History has a tendency of repeating itself in payments — though luckily, things in this space move fast and attention spans are often fairly short, so mostly we don’t notice.
Take Apple and Square, for example.
It was almost exactly three years ago that the two firms were written about — together — a lot. Not hard to understand that — Square pretty much set off the great mPos wave with its easy plug-in dongle that turned any iPhone or iPad into a credit card reading machine.
But in January-February 2014, the talk wasn’t really so much about their phone/card processing combo package, as much as it was acquisition. Everyone’s favorite rumor at the time was that a few of the big guys — aka Apple and Google — were both circling Square and considering it for a big ticket acquisition. At the time, Square CEO Jack Dorsey even noted that it would be his preference to be acquired by Apple since the two firms had similar aesthetic sensibilities.
Wishful thinking perhaps, but the deal never materialized — the reason for why varies depending on whom one asks. The official answer from all three firms was that no acquisition was ever really, seriously under discussion. The unofficial account is that the acquiree wanted more money than the acquirers wanted to spend.
As 2014 became 2015 and 2015 became 2016, Square and Apple were, once again, the SMB payments “it” combo package. Square’s POS system was included a very elegant NFC/EMV chip reader — Apple Pay accepted as part of that package.
And, now in 2017, Apple and Square will be upping the ante on their collaboration. Square is encouraging their merchants to accept Apple Pay — and maybe to even get consumers to want to use it.
By encouraging, we mean paying.
Good-Bye Swipe Fee
According to Square, Square merchants with readers capable of taking Apple Pay will be able to process $12,000 in Apple Pay payments a year — and pay absolutely no swipe fee for their troubles. The deal, according to a press release from Square, is probably worth about $350 to merchants annually.
To put that in a bit of context, $12,000 in sales is like the little jam lady at the local farmers market selling 25 jars of her homemade jam at $10 a jar every weekend of the year. It’s a very small merchant.
Square merchants are also able to get a free Apple Pay marketing kit with promotional material (stickers, signage, etc) to encourage customers to use their iPhones or Apple Watches. The kit also comes with training materials, so business owners and their staff who are unfamiliar can educate themselves and their employees about using and accepting Apple Pay — and how to walk customers through using it as well.
The credit on processing Apple Pay transactions goes into effect once the seller has set up its countertop display for verification.
What Apple Gets
Apple gets more bites at the, well, apple, when it comes to customers using their payments platform at small – very small – merchants.
And for the little jam lady at the local farmer’s market — and other small sellers like her — being able to process payments for free is a great deal.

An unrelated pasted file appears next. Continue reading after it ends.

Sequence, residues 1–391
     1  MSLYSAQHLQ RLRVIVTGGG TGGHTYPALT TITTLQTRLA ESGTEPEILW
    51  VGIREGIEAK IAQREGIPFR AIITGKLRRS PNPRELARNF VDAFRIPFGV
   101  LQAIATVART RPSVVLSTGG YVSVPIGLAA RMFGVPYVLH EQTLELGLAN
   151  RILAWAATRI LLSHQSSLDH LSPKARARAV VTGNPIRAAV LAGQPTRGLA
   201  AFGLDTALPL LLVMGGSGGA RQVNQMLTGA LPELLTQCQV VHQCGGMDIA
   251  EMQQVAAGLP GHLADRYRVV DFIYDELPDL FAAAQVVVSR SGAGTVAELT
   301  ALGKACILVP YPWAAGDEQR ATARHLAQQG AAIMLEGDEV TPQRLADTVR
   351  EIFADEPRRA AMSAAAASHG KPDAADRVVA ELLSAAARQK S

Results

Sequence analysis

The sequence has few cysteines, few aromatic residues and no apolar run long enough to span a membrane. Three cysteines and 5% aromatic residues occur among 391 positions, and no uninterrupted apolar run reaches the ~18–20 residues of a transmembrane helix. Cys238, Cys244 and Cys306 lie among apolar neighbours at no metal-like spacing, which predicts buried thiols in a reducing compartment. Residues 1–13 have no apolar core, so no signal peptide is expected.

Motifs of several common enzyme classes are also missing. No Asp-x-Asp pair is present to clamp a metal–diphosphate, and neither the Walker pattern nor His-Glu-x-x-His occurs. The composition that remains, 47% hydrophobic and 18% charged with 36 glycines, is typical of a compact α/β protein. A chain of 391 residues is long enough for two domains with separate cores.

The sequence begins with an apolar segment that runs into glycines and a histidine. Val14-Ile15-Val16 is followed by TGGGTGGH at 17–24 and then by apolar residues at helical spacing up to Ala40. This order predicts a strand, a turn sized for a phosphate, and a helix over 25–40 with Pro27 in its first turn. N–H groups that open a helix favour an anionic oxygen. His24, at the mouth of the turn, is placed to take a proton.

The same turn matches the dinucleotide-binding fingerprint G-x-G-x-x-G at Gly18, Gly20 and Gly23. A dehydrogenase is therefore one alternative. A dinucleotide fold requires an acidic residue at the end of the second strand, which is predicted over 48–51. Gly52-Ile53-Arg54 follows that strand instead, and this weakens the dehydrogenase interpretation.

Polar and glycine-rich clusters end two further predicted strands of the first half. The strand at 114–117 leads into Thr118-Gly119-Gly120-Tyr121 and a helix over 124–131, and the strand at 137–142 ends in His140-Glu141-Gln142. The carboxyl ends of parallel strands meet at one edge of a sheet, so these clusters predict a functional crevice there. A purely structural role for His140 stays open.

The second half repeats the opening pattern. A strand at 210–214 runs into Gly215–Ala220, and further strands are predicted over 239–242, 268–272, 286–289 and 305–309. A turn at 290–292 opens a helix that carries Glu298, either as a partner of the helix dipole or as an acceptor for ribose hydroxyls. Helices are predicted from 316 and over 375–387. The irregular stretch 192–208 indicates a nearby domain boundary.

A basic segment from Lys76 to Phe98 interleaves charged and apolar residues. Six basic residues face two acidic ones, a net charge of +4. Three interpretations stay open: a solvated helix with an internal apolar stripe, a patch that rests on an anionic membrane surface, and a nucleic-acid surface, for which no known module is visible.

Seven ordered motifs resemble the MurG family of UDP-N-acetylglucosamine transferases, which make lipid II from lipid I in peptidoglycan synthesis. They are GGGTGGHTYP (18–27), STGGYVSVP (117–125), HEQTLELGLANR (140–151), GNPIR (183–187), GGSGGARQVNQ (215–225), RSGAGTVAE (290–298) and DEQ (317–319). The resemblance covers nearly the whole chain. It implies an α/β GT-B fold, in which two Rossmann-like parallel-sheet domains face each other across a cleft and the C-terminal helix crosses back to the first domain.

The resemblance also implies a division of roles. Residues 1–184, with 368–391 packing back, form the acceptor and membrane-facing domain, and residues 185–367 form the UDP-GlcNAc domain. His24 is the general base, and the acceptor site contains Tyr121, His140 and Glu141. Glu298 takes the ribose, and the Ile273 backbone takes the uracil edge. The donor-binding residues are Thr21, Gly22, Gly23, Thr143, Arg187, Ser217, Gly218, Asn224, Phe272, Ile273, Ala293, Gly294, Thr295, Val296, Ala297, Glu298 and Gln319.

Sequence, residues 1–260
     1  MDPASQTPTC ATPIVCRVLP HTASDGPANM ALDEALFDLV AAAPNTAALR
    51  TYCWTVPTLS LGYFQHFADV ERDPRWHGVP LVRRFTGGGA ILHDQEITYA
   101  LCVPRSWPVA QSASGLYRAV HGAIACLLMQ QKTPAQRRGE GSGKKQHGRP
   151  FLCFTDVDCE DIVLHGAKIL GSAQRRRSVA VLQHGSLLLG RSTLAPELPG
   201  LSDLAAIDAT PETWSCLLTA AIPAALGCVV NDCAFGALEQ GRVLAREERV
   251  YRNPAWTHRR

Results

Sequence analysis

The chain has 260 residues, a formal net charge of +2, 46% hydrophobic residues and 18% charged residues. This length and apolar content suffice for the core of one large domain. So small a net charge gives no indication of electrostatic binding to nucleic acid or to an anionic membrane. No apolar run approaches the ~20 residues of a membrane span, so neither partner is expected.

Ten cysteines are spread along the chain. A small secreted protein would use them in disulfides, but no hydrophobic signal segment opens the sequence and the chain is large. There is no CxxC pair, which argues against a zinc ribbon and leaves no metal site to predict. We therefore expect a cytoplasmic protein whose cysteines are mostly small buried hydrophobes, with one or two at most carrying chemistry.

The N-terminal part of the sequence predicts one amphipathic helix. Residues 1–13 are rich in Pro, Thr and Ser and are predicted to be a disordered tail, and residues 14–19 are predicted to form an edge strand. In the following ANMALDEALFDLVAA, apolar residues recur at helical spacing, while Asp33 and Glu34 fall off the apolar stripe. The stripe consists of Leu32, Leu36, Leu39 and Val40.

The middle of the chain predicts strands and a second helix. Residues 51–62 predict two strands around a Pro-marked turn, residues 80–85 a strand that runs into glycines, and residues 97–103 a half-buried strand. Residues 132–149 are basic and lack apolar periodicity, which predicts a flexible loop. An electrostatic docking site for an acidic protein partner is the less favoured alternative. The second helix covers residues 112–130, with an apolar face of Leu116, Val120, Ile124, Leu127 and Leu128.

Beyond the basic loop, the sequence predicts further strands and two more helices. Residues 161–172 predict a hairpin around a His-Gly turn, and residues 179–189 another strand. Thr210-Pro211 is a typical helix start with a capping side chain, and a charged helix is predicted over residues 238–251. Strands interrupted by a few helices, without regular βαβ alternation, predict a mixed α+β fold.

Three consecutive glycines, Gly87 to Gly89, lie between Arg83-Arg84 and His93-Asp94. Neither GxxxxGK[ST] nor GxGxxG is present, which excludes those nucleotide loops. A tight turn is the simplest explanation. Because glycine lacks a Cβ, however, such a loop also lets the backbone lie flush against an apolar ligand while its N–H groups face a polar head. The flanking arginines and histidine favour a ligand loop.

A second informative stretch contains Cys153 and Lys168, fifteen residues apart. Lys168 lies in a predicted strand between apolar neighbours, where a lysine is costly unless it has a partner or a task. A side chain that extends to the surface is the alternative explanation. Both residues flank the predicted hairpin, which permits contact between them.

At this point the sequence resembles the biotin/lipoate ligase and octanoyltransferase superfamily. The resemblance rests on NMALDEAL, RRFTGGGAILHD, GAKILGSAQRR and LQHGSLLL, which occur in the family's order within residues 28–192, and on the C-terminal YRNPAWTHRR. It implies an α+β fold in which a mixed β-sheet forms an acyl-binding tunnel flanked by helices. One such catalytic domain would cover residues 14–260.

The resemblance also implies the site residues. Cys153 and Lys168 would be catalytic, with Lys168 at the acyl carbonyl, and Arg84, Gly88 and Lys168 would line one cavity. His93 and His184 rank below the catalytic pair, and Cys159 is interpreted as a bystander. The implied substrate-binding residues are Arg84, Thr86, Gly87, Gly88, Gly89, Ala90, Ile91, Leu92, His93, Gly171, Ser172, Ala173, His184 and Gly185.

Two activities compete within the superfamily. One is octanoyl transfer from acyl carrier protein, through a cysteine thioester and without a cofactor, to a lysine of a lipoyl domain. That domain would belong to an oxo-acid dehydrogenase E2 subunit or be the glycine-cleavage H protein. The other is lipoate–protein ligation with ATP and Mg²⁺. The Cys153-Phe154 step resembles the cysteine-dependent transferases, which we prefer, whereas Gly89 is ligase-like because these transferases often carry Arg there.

Plus, there is some evidence to suggest that education via a merchant can have very dramatic effects on use. A concerted effort in Portland to educate and provide sellers a way to teach consumers about the benefits of paying with Apple Pay saw the percentage of transactions reportedly triple over the course of the campaign.
And, the merchants liked it.
“We’ve loved using the new Square reader at all four of our locations,” said Julie Bond, owner of Saint Cupcake & Poplandia Popcorn in Portland. “The entire experience of paying with your iPhone is more fast and fun for our customers and for us.”
Those happy merchants lead us to …
What Square Gets
According to Square Hardware Lead Jesse Dorogusker, the simplest answer is that it gets to offer a better service for its merchants and their customers.
“It’s no secret that chip cards can be slow, which is why we built our reader to also accept contactless payments, a faster and safer way to pay,” he noted. Anything we can do to make a seller’s experience faster and safer, including working with Apple to encourage Apple Pay usage, is an investment worth making.”
Square also sees some benefit in its hardware business – a market that is increasingly competitive now with many other players in the space. Free processing is a good hook to lure small merchants in, who both Square and Apple hope become large merchants over time.
More small merchants gives Square more opportunities to wrap other revenue opportunities around it — like working capital or business management tools.
Will any of this be enough to move the ball massively — either for Square or Apple Pay? It’s a really nice gesture and a great helping hand for the local merchants for whom every dollar counts. But moving the needle will take lots and lots of them, switching lots and lots of consumers to Apple Pay — and staying in business long enough to get bigger. As Square knows better than most, it takes onboarding a lot of small merchants with low volumes to make a big business.